Marsy’s Law, which would put a Victim’s Bill of Rights into our constitution, will be Question 1 on this year’s ballot.
Changing the Nevada Constitution is a lengthy process, requiring the legislature to pass the item twice before the voters make the final decision. That is the case with Marsy’s Law, which would put a Victim’s Bill of Rights into our constitution. Lawmakers overwhelmingly approved Marsy’s Law in 2015 and 2017, and it will be Question 1 on this year’s ballot.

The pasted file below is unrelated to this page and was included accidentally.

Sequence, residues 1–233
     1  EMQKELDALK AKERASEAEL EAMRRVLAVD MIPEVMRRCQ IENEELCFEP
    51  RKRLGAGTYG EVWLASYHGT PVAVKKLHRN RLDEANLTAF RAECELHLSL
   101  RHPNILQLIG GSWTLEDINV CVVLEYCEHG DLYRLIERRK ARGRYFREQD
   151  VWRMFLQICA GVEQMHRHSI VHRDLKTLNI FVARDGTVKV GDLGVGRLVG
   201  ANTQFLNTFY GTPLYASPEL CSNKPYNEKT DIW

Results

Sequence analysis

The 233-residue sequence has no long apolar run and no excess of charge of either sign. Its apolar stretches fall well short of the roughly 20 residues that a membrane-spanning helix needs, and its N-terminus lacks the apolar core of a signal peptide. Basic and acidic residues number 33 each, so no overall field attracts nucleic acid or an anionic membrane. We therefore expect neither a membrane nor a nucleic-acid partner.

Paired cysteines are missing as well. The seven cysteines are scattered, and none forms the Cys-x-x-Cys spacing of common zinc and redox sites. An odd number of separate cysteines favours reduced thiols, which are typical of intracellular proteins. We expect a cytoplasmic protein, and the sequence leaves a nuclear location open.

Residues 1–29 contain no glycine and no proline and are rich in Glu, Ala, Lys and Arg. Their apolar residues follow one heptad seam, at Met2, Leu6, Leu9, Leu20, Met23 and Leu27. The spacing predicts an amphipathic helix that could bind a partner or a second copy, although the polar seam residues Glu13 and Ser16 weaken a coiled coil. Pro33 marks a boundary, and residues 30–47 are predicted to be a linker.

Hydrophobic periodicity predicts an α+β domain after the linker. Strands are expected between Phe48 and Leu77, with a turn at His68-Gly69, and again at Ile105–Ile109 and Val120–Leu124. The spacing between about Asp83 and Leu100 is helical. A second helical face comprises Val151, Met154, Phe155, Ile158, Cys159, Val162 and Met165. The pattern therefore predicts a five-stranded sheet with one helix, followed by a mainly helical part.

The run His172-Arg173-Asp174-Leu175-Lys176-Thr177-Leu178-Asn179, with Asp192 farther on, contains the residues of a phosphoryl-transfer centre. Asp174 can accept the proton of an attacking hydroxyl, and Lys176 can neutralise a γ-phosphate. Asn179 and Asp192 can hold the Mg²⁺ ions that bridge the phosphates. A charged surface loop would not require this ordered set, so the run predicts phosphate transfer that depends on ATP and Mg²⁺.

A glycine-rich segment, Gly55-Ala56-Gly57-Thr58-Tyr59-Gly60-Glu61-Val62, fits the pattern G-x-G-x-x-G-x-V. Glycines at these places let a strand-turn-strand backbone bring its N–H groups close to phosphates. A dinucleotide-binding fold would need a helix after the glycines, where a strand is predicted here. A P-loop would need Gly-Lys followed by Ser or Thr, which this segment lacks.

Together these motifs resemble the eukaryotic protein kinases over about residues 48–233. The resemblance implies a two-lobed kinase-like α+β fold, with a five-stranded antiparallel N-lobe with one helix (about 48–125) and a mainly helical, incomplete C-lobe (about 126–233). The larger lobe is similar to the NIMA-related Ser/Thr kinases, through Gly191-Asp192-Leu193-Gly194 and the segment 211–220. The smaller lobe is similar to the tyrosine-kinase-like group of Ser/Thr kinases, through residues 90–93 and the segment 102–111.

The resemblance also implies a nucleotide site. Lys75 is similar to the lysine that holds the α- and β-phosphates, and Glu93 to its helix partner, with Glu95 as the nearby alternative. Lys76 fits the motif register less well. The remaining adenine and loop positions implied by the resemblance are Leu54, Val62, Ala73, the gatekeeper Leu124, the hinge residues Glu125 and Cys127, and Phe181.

“Victims deserve to know what their rights are and know that the legislature can’t take those away while they’re not looking,” Sen. Ben Kieckhefer, R-Reno said. “So that’s why this needs to be in the constitution.”
The potential law would give victims the right to information about available services, the right to be protected from the defendant, and the right to be notified of public court proceedings and to speak and be heard. It would also provide notifications of prison and jail releases of their assailants.
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